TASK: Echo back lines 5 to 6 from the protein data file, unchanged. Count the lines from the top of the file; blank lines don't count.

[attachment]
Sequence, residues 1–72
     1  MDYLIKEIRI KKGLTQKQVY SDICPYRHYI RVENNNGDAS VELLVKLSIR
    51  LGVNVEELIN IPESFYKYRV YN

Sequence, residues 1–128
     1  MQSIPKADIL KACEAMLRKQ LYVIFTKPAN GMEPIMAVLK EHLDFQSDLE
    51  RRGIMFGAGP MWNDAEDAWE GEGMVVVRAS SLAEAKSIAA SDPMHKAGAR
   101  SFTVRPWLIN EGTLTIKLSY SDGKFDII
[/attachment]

     1  MQSIPKADIL KACEAMLRKQ LYVIFTKPAN GMEPIMAVLK EHLDFQSDLE
    51  RRGIMFGAGP MWNDAEDAWE GEGMVVVRAS SLAEAKSIAA SDPMHKAGAR